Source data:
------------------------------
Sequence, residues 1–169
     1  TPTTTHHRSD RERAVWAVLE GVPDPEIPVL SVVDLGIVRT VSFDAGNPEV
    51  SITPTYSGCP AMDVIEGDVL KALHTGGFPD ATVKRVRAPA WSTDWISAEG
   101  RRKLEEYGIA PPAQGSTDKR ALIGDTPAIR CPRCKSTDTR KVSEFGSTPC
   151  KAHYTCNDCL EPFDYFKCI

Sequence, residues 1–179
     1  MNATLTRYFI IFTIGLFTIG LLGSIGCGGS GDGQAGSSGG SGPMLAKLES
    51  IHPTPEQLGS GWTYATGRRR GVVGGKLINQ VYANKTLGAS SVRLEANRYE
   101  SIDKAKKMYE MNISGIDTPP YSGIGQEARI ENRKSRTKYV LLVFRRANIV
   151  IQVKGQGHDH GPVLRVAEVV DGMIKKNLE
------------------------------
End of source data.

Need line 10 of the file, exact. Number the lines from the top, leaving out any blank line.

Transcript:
   151  IQVKGQGHDH GPVLRVAEVV DGMIKKNLE